It’s been a whirlwind 48 hours in Greece. I haven’t taken many photos, because I’ve been busy being so darned present. Yesterday evening I took the metro in from the airport and bounced off of the AirBnB room I’m renting in an apartment in city center to go explore the strangely quiet city. Athens felt muffled by Good Friday, when most Greeks go out to their home villages to celebrate the Easter holiday, and a quiet reverence seemed to dominate all but the most touristy streets.

My quiet, orange-tree lined street.

I hadn’t eaten anything substantial for 10 hours and hadn’t really slept for 24 hours, but I couldn’t stop walking through Athens until well after midnight. I felt delirious from hunger, exhaustion, and jet lag, but also electrified by the rediscovery of the addicting joy of exploring a foreign city alone. Athens feels familiar enough that I can walk around without a map or the pressure of a camera, and I know which metro lines to take to my favorite spots. I love the dynamic, complicated, historic, artistic energy of this city. I love being here for a purpose, and feeling connected, even if peripherally, to one of the two great crises currently gripping the country.

In my wanderings yesterday, I quietly slipped in among chatty churchgoers who congregated in a low-ceilinged nave to light votive candles. I put a few euros in the donation jar and chose a small yellow wax candle from the display and imitated the Greeks, who reverently lit and placed their candles in sea of dozens of tiny flames set in a spinning, gilded tray. I held the tens of thousands of refugees stuck in Greece in my thoughts as I set my candle in the sand. I decided that even though neither they nor I are Greek Orthodox, spending a moment to honor our hosts wouldn’t hurt anyone.

Later that night, each church had a procession through the streets. Dozens of people, carrying candles walked silently behind a legion of priests from their parish carrying icons and regal symbols of Christ’s coffin. The various processions culminated in Syntagma Square- home of the Greek Parliament. I followed on the outskirts of the official government parade. It was a subdued procession, with rows of Greek policemen in formal uniforms doing a slow sway-march to the beat of the military band’s dirge. A dozen nuns walked solemnly in front of the young-looking Greek Navy contingent, and behind them a cluster of bearded high priests were flanked by soldiers.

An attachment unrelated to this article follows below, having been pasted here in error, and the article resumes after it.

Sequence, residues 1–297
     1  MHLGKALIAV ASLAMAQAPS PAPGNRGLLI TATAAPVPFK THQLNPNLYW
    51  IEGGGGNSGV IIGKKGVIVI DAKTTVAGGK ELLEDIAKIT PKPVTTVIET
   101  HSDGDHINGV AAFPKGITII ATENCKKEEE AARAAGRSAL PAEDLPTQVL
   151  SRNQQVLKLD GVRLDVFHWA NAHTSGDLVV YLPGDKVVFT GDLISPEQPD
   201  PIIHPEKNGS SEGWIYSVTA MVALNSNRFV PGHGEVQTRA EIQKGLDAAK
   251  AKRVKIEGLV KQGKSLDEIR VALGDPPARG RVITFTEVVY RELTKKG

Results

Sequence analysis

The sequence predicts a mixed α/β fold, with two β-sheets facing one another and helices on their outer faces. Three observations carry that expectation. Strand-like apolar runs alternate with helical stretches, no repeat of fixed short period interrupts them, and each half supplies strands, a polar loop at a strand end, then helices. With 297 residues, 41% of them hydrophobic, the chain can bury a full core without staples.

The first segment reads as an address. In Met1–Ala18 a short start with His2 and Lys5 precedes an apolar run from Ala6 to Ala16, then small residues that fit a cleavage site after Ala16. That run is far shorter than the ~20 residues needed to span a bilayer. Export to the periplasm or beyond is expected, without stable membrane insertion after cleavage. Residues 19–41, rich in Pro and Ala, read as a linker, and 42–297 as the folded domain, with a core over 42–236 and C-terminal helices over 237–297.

No separation of church and state here!
The next day, I had a lunch meeting with fellow Drops coordinators, and finally met the woman, the myth, the legend, Trude, who founded the Drops in the Ocean. Over Greek salad, octopus, and fried cheese, I was brought up to speed on happenings on Lesvos, Chios, the Port of Piraeus, and up at Idomeni. Trude gave me a giant red backpack full of medical gear repurposed from Lesvos operations, cell phones, and Drop In The Ocean swag to bring up to Idomeni. During that lunch, I realized how much I’d missed sitting around a table of volunteers from around the world discussing things like border closures, medical access in camps, and asylum application processes. I missed being closely engaged with a dedicated group like this, and felt reinspired by the smiling Scandinavian badasses around me, who have each been volunteering for months, and seen the same things I saw on Lesvos. It feels good to be back.